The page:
N.S. family suits up to rescue unwanted bees

The courtyard next to the Dugas family’s house was bustling with activity.

Amanda and Lonnie Dugas, and their children, Gregory, 17, and Sarah, 14, have about half a dozen hives on their Brentwood, NS, property.

Amanda Dugas, a Mi’kmaw student support worker at a local high school, never saw herself as a beekeeper. When an opportunity came up for her to take a summer course in beekeeping with her daughter a few years ago, they took off. Soon, the whole family put on their bee suits to take care of the hive.

“It was like a family that helped us through the pandemic. It gave us something to do because we couldn’t go anywhere,” Amanda Dugas said.

Lonnie and Amanda Dugas have more than half a dozen bee colonies at their Brentwood home. (Steve Lawrence / CBC News)

In the fall, they sell honey from their warehouse, but in the summer, Gregory and Sarah take the extra time to make house calls to safely remove the hive from everyone’s home.

Most of them are wild wasps that they move to farms that want to eat insects.

Amanda Dugas said some people still consider bees to be pests, and even try to kill bees with pesticides.

But she says awareness of the importance of bees to the ecosystem has led to an increase in demand for their rescue services each year.

“People are willing to pay a few teenagers to come into their homes and safely, humanely remove bees from their homes, knowing that these bees are going somewhere to be cared for,” she said. squirrel.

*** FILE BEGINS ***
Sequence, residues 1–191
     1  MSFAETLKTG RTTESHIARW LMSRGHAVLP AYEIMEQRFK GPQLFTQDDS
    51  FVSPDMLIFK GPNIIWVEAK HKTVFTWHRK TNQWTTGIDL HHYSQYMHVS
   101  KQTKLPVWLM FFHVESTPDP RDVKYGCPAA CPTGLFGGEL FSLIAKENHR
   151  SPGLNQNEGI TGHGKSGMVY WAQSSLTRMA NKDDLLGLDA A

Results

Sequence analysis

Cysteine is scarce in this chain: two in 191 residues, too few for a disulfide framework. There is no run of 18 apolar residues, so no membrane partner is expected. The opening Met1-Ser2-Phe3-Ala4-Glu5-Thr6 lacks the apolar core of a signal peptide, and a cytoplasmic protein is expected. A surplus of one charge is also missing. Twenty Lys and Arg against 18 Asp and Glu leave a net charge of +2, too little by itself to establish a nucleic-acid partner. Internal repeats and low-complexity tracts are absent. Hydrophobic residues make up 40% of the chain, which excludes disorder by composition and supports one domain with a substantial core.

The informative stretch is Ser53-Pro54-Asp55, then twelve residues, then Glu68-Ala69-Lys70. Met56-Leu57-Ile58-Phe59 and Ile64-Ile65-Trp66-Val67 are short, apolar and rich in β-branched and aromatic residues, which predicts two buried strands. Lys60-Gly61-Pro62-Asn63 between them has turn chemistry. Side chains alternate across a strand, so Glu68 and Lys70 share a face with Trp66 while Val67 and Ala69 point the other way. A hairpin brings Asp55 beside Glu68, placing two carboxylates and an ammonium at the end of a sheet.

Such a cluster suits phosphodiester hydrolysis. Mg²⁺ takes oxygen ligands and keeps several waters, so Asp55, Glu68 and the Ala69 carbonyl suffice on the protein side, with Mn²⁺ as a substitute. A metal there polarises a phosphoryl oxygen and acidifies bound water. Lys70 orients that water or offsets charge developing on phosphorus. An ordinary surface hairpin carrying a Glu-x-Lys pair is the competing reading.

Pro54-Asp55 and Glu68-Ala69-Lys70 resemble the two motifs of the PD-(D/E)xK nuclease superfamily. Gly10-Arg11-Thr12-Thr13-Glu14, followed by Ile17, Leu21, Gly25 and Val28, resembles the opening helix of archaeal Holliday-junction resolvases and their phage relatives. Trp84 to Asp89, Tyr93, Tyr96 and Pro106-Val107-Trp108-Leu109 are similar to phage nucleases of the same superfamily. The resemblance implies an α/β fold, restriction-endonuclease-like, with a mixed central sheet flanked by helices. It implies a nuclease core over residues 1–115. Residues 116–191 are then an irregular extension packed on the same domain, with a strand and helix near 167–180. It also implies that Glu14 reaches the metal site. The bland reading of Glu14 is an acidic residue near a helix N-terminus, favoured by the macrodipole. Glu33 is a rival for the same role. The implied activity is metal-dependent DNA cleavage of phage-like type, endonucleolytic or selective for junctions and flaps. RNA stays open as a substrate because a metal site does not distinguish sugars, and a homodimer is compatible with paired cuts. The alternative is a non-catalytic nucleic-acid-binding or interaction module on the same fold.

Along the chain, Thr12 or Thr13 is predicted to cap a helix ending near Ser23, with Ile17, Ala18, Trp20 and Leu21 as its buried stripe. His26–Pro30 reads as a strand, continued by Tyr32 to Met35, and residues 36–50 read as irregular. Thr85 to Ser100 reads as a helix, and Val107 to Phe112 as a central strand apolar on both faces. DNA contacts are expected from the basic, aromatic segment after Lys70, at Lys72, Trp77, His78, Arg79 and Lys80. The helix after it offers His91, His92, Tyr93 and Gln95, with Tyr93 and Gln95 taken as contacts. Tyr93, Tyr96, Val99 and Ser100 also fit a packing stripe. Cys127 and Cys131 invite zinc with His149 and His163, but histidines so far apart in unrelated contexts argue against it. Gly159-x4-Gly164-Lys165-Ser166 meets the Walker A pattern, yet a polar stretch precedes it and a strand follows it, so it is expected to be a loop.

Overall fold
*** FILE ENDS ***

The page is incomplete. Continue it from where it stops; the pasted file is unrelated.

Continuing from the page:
Based on data from the Association of Professional Caterpillars of CanadaLargest known number of bees surviving winter 2020-21 in Nova Scotia since such reporting began in 2007.

Prospects encourage

That success is partly due to the fact that bee imports are banned in Nova Scotia, according to Tyler Hobbs, president of the Nova Scotia Beekeepers Association.

“We really have to rely on each other right here in this province. If disaster strikes in the winter, we need each other. We are each other’s answer to get out of it,” Hobbs said.

Tyler Hobbs is the president of the Nova Scotia Beekeepers Association. (CBC)

“So that really makes Nova Scotia quite unique when it comes to beekeeping and really puts our focus on where we put our efforts, money and time to make sure that the Our bodies are stable.”

Over the past few years, he says, appreciation for bees has grown “by leaps and bounds”.

“People once saw a bee and killed it. Now people give it water or some honey to see if it will grow up and fly away again,” he said.

The Dugas children said they understand that some people are afraid of bees. Sarah herself was “terrified” when she first came into contact with their hive. But after a few years with them, both say their favorite thing about bees is that they are so docile.

They even taught their friends about bees.

The ‘gentle’ creatures

Some of them were scared, but I’ve had a few friends go beekeeping with me and they say it’s been quite a fun experience and they really like how gentle bees can be. ,” said Gregory.

Dugas Bees, a family business, produces honey and humanely removes unwanted bees from people’s property. (Steve Lawrence / CBC News)

Finally, Gregory wants people to know that bees don’t pose any real danger.

“It’s good to have them in your yard – better pollinators of the flowers and plants in your yard. And they don’t harm you unless you harm them.”

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